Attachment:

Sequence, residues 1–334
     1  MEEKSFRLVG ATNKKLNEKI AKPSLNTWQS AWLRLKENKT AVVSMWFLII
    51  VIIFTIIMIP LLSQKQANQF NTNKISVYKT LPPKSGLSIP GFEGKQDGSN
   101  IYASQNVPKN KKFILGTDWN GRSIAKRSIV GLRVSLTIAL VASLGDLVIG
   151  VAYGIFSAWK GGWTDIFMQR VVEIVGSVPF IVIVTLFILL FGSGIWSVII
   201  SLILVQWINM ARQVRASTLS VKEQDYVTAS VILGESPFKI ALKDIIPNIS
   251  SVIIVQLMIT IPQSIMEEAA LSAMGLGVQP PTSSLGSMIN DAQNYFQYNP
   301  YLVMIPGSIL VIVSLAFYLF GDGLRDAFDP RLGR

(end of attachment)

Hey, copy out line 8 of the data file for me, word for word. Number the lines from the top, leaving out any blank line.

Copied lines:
   301  YLVMIPGSIL VIVSLAFYLF GDGLRDAFDP RLGR